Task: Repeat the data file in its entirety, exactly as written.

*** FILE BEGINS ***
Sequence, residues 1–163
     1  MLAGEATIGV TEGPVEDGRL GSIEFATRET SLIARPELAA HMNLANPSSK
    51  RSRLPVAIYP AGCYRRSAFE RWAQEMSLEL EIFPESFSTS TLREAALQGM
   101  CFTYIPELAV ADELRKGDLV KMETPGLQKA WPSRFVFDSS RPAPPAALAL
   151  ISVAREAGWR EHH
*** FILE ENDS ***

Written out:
Sequence, residues 1–163
     1  MLAGEATIGV TEGPVEDGRL GSIEFATRET SLIARPELAA HMNLANPSSK
    51  RSRLPVAIYP AGCYRRSAFE RWAQEMSLEL EIFPESFSTS TLREAALQGM
   101  CFTYIPELAV ADELRKGDLV KMETPGLQKA WPSRFVFDSS RPAPPAALAL
   151  ISVAREAGWR EHH